Concatenate function for sorting

As I said before, the concatenate function can be used in a great many useful ways, and one of those ways is to make it easier to sort.

There are two things which often annoy me when I’m doing frequent sorts. The first is building the sort, and the second is dealing with the limitation on the number of columns that can be used in the sort. It was the latter problem that made me consider the value of concatenation for sorting.

Then I saw how making a column of concatenated values could mean the end to rebuilding sorts. One annoying thing about sorting is that most spreadsheet programs can’t be relied on to remember them, especially if they’re complicated or you’ve sorted something else in the meantime. After the third or fourth repetition of “sort this column first, then the other, then this third one…” I generally get heartily sick of it. So if I’m going to be repeatedly sorting — especially if I might have multiple different ways I might want to sort — I make one “sort” column for each sort I frequently do.

To make a sort column, I just use concatenate, and for parameters I use the columns I want to sort. Say, for example, in my book inventory, I might have =concatenate(author,series,title). This would sort with author as the primary field, followed by series and the title. I could also have another sort column with =concatenate(publisher,author,series,title) if I wanted, if there’s a publisher that’s prone to having sales. That turns a multi-column sort into a single-column sort, which is much simpler.

Once I’ve set up the formula, usually in the second row (the first row being reserved for column names), I copy it, then navigate down to the bottom row in the list, then highlight everything up to the second row (which is the next populated cell, when you’re heading up from the bottom), and paste the formula. Unlike when I am initially creating the list I don’t usually copy the formula beyond the end of the list, because doing so would likely sort all the blank rows to the top.

An example is available as Project 6: Concatenated Sorts.

Freezing rows and columns: Basic how-to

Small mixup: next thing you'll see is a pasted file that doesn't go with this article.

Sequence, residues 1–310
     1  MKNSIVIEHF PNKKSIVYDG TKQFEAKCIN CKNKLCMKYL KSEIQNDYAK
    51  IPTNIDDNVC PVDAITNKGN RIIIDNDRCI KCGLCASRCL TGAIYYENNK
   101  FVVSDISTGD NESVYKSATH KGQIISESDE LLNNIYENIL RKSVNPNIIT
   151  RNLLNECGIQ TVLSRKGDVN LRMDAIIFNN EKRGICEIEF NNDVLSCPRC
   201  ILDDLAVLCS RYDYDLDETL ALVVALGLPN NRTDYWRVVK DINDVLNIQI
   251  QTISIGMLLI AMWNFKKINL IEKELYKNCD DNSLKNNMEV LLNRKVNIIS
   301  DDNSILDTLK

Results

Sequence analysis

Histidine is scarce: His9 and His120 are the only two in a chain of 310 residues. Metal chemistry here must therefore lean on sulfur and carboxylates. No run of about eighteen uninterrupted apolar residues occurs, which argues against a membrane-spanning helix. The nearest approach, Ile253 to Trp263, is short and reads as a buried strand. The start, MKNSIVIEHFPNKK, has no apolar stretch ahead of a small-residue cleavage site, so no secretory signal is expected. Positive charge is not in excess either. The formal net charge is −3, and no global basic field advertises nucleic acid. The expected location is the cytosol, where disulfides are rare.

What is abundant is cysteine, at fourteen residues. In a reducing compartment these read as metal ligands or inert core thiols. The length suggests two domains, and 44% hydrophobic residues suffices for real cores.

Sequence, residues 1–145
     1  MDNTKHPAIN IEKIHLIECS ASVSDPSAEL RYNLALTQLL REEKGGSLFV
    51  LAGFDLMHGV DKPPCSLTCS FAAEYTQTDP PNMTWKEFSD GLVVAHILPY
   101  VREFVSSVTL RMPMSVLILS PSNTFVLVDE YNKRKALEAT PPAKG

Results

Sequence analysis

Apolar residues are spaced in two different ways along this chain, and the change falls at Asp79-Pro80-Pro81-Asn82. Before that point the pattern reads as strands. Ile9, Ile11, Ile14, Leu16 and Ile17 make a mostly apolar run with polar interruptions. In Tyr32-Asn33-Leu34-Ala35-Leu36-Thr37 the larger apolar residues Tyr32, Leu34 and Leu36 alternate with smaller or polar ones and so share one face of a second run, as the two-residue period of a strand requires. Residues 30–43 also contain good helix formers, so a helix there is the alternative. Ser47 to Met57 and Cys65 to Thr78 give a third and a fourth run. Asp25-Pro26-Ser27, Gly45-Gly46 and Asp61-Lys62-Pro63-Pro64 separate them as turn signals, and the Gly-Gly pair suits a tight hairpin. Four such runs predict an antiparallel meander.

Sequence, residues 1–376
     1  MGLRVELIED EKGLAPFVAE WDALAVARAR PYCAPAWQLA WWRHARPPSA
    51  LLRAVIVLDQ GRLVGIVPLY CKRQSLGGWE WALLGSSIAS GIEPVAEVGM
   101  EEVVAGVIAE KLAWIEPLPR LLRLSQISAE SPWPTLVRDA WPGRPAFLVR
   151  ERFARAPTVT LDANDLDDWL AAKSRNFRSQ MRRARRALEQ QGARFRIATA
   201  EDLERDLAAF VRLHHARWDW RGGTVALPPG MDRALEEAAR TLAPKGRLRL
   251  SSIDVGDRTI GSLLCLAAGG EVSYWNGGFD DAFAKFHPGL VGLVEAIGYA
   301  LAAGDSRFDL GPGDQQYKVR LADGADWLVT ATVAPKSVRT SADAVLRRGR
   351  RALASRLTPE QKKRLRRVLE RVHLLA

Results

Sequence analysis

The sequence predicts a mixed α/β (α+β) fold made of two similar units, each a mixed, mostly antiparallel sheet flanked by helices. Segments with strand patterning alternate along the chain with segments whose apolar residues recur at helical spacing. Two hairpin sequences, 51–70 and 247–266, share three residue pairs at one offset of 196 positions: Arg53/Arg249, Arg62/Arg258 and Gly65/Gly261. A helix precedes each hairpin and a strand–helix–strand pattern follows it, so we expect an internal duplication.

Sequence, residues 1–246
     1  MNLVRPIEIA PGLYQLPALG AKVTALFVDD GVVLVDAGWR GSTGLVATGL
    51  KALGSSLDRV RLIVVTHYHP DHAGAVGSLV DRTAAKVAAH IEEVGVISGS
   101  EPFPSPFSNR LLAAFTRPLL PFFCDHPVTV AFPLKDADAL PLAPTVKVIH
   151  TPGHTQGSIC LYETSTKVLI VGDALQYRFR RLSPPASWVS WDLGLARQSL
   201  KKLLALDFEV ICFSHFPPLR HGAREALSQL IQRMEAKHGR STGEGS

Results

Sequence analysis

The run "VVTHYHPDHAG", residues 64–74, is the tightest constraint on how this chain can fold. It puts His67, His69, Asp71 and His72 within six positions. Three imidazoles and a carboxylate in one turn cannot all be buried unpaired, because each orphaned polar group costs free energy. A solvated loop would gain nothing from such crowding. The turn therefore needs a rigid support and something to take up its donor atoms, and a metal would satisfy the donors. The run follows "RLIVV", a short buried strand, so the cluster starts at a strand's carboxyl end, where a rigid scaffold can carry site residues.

Even if you do have column headers, once you scroll down more than a screen you can’t see them anymore. Unless, that is, you freeze them.

Freezing allows you to specify any number of currently showing rows and/or columns to always display. You could, in theory, tell it to freeze all but the bottom row, and all but the rightmost column, but if you did you could only move around one cell. Generally when working with a large detailed list I freeze between one and three rows at the top, and sometimes the leftmost column. For example, a list of student scores might freeze row 1, which contains the names of the assignments, and column A, which contains the student names.
Continue reading Freezing rows and columns: Basic how-to

Why to name columns

When you’re making a detailed list, column headers are extremely important. It’s possible to do without them, but after four columns or so I usually find myself studying the contents and saying “Now, WHAT did this column contain?

Likewise, when making a column of formulas it’s extremely helpful to have named the column(s) that the formula refers to. It can turn the formula =b1*c1*d1, which could be anything, into =height*width*depth, which is pretty obviously the formula for the volume of something. Plus, if you have a long and complicated formula, it makes it harder to make accidental mistakes. Plus, it’s a little bit harder to spot the problem in =(b1-c1)/a1 than it is in =(value2011-value2010)/value2009 when trying to calculate the annual percentage change in something. [The correct formula would be (value2011-value2010)/value2010, or (CurrentYear-PreviousYear)/PreviousYear.]

So, always remember to put in a column header, and name the column (preferably something similar to the header). It’s also very helpful to freeze the panes so that the header row stays visible.